Is Banks’ Home Bias Good or Bad for Public Debt Sustainability?

Contributor Notes

Motivated by the recent increase in domestic banks’ holdings of domestic sovereign debt (i.e., home bias) in the European periphery, this paper analyzes implications of banks’ home bias for the sovereign’s debt sustainability. The main findings, based on a sample of advanced (AM) and emerging market (EM) economies, suggest that home bias generally reduces the cost of borrowing for AMs and EMs when debt levels are moderate to high. A worsening of market sentiments appears to dimish the favorable impact of home bias on cost of borrowing particularly for EMs. In addition, for AMs and EMs, higher home bias is associated with higher debt levels, and less responsive fiscal policy. The findings suggest that home bias indeed matters for debt sustainability: Home bias may provide fiscal breathing space, but delays in fiscal consolidation may actually delay problems until debt reaches dangerously high levels.

Abstract

Motivated by the recent increase in domestic banks’ holdings of domestic sovereign debt (i.e., home bias) in the European periphery, this paper analyzes implications of banks’ home bias for the sovereign’s debt sustainability. The main findings, based on a sample of advanced (AM) and emerging market (EM) economies, suggest that home bias generally reduces the cost of borrowing for AMs and EMs when debt levels are moderate to high. A worsening of market sentiments appears to dimish the favorable impact of home bias on cost of borrowing particularly for EMs. In addition, for AMs and EMs, higher home bias is associated with higher debt levels, and less responsive fiscal policy. The findings suggest that home bias indeed matters for debt sustainability: Home bias may provide fiscal breathing space, but delays in fiscal consolidation may actually delay problems until debt reaches dangerously high levels.

I. Introduction

1. Issues related to the entrenched sovereign-bank nexus particularly home bias—banks’ holdings of sovereign domestic debt—have gained prominence during the financial crisis in recent years as public debt was rising especially in the European periphery.2 Prompted by foreign investors’ flight as well as cheap long-term refinancing operation (LTRO) funding from the European Central Bank (ECB), many peripheral banks absorbed sizable domestic sovereign debt both from the secondary and primary markets. The entrenched sovereign-bank nexus has raised concerns regarding the health of the banking sector as well as its potential impact on debt sustainability of the sovereign.3 It is worth noting that the recent increase in home bias is not unique to the European periphery, but has generally been observed across many advanced economies that have seen a rise in public debt (Figure 1).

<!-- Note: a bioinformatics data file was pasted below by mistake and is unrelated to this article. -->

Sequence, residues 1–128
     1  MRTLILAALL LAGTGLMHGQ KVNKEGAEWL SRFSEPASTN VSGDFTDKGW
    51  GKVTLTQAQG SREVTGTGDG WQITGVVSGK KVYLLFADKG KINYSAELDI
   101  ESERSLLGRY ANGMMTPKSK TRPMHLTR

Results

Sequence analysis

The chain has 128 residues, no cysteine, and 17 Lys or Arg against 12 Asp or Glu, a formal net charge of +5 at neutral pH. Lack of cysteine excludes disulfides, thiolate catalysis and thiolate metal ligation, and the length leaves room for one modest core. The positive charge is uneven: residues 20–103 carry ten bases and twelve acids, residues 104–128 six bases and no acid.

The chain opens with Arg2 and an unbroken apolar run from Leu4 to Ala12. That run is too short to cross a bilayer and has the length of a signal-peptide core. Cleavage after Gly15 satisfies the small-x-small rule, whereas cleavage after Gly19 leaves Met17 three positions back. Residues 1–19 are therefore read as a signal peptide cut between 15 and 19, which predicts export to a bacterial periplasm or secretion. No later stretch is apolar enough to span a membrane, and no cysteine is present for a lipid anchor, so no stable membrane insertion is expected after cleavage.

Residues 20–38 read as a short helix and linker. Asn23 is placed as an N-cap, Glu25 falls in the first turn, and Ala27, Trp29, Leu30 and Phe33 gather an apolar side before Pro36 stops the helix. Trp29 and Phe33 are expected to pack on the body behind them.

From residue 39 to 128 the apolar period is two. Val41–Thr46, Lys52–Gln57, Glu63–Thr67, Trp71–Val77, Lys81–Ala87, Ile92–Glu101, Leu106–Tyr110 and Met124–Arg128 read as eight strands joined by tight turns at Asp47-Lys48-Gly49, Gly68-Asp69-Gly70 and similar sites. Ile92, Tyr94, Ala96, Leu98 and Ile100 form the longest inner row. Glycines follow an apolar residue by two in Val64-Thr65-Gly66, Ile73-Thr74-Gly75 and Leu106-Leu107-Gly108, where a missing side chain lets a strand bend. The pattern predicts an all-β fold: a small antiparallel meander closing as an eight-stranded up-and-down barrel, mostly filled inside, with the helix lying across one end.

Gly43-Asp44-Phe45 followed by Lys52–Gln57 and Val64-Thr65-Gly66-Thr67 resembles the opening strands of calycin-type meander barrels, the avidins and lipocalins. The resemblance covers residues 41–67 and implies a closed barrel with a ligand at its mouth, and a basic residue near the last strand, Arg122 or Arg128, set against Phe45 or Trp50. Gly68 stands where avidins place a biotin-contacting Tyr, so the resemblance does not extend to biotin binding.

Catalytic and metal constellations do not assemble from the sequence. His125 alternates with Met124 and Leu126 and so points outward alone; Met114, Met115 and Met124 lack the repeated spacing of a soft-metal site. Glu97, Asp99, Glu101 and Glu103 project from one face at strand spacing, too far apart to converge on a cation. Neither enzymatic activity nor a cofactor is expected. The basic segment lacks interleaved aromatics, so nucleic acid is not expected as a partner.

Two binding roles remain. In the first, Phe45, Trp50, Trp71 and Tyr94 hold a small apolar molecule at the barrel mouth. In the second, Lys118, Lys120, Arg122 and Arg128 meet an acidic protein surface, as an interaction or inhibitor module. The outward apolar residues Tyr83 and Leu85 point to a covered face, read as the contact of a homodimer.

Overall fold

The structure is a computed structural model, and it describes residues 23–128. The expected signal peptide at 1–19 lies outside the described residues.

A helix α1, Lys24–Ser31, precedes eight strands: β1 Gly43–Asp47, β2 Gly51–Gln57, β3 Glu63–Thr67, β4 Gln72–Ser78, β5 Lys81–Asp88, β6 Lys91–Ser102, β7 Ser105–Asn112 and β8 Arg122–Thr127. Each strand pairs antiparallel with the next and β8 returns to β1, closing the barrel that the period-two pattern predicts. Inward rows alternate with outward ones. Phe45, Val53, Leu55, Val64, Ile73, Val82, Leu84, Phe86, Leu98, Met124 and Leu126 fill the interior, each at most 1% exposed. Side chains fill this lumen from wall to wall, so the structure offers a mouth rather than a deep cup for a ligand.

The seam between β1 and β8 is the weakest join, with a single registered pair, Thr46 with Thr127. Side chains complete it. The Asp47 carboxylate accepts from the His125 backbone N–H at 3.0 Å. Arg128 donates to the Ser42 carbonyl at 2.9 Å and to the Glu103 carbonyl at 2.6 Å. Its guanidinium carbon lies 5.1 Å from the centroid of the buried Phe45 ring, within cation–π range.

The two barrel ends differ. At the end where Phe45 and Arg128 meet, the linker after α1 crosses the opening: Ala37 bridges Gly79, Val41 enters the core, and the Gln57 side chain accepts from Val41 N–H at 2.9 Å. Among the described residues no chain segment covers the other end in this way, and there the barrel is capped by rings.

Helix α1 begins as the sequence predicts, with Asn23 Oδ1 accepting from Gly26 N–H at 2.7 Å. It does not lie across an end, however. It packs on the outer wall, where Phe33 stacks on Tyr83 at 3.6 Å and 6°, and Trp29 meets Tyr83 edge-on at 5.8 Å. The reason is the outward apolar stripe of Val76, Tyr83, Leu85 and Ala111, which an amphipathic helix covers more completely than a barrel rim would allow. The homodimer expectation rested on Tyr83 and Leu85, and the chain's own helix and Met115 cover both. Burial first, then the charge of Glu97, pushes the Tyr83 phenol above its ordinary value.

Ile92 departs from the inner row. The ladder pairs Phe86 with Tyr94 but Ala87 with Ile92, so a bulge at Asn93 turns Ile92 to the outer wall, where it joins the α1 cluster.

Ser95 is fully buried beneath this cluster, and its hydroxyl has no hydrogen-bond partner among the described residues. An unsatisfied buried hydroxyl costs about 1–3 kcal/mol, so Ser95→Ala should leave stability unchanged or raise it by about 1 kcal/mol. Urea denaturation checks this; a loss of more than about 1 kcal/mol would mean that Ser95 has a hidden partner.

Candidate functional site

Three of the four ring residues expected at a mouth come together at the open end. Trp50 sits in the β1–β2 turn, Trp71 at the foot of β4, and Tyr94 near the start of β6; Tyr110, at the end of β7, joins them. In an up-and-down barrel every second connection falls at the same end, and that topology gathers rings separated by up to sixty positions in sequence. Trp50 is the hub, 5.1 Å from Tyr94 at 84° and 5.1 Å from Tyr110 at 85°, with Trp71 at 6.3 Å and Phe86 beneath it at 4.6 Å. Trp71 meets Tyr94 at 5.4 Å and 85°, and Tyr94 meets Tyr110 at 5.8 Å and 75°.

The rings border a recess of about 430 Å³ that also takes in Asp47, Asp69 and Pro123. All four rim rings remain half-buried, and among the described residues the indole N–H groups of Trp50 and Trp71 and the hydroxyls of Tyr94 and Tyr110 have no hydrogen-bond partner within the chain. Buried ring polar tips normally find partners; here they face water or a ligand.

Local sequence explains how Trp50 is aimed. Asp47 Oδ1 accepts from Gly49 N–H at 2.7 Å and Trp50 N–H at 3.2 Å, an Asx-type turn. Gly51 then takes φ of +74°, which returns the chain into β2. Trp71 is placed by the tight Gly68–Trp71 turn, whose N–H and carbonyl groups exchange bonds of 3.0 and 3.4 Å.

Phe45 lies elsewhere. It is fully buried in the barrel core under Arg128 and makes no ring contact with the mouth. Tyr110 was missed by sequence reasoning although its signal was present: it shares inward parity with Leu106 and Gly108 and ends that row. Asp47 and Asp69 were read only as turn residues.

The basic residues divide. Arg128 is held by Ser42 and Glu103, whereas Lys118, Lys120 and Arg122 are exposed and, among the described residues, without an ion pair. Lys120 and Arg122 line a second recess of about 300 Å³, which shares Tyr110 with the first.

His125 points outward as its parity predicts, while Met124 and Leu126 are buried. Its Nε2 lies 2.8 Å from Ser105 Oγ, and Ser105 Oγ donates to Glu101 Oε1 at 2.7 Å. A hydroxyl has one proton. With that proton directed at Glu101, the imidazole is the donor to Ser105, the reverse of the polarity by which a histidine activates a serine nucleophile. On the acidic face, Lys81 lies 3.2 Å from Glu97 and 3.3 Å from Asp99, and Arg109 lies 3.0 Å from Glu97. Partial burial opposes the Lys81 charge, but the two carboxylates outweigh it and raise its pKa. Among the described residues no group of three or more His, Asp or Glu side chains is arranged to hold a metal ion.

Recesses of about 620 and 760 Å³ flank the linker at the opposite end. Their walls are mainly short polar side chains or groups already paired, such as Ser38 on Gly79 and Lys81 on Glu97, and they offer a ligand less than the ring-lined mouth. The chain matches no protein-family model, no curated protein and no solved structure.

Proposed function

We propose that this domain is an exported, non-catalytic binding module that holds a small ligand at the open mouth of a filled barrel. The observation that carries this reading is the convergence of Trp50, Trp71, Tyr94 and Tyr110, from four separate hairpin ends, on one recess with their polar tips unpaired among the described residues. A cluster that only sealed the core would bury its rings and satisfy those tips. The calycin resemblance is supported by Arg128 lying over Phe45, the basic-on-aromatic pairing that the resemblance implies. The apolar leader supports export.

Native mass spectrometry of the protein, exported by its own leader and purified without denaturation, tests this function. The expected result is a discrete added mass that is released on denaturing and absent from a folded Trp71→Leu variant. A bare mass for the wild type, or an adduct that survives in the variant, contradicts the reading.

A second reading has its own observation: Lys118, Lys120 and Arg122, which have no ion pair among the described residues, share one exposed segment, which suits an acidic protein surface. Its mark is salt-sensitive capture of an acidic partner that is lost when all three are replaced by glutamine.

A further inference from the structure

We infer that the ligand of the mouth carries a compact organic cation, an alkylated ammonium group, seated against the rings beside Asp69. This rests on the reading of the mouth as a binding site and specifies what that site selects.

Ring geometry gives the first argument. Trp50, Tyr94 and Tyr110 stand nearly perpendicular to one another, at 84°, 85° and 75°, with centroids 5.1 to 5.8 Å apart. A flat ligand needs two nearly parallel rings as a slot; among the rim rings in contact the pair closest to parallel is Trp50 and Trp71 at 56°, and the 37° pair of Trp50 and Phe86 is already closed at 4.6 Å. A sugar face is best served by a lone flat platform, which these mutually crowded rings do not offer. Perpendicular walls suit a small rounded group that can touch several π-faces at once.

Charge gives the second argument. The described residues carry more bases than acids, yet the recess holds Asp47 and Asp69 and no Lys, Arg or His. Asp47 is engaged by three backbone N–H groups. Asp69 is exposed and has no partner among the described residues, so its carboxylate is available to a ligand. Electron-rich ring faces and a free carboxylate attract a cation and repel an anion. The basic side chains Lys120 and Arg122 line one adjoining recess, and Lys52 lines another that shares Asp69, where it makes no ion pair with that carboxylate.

Figure 1.
Figure 1.

Banks’ Holding of Domestic Sovereign Claims/Total Bank Assets and Public Debt

Citation: IMF Working Papers 2015, 044; 10.5089/9781498323505.001.A001

Sources: Arslanalp and Tsuda (2012); IMF IFS; IMF WEO.

2. This paper examines the impact of banks’ home bias—banks’ holding of domestic sovereign debt in total assets—on advanced markets (AMs) and emerging markets (EMs) economies by addressing four questions that have implications for debt sustainability:

  1. Is the cost of borrowing lower for sovereigns with higher home bias? Yes, for both AMs and EMs using bond spreads and domestic bond yields respectively. The negative relationship between home bias and the domestic cost of borrowing is milder for EMs. Worsening of market sentiments tend to temper the effect of home bias on borrowing cost particularly for EMs.

  2. Is the level of public debt higher in countries with greater home bias? Our panel regressions show that this is the case for both AMs and EMs.

  3. Is a primary balance adjustment slower in sovereigns with higher home bias? Our empirical results show that indeed sovereigns with a higher home bias are less willing to conduct fiscal consolidation. Even if foreign investors have reduced their exposure to domestic sovereign debt markets, the presence of domestic banks ablility to absorb the domestic debt issuances can provide a significant breathing space to struggling sovereigns but this deepens the negative sovereign-bank feedback loop and could potentially delay needed fiscal adjustment.4

  4. Do sovereigns with higher home bias enter into debt distress at a higher level of public debt? Our findings suggest a positive relationship between home bias and the level of debt at which countries are assessed to have experienced debt difficulties.

3. The empirical results strongly suggest that home bias matters for debt sustainability. High home bias which in some cases is tantamount to having a captive investor base may provide fiscal breathing space, but delays in fiscal consolidation may actually postpone problems until debt reaches dangerously high levels. The breathing space is largely the result of the favorable impact of high home bias on rollover risk which is particularly evident during crisis periods, but is not likely to yield better fiscal outcomes. The empirical analysis in this paper which examines the multi-faceted impact of home bias provides analytical support for anecdotal evidence in this regard. For example, during the recent crisis period countries with a captive domestic investor base faced less market pressure on rollover needs, and therefore enjoyed more breathing space while attempting difficult fiscal consolidations (or during periods of lax fiscal discipline).